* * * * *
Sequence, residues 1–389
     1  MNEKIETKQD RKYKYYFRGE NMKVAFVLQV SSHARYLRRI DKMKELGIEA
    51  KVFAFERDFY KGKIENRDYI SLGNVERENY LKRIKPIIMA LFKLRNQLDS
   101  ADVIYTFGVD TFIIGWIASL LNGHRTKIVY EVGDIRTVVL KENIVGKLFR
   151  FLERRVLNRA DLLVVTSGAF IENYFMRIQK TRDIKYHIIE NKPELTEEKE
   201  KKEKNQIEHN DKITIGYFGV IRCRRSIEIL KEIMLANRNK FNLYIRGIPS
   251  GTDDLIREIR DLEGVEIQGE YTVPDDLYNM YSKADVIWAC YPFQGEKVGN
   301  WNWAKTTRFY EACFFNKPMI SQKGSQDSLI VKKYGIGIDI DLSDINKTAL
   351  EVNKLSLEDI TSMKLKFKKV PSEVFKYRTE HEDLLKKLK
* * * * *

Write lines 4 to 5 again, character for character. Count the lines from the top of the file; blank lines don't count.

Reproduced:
   101  ADVIYTFGVD TFIIGWIASL LNGHRTKIVY EVGDIRTVVL KENIVGKLFR
   151  FLERRVLNRA DLLVVTSGAF IENYFMRIQK TRDIKYHIIE NKPELTEEKE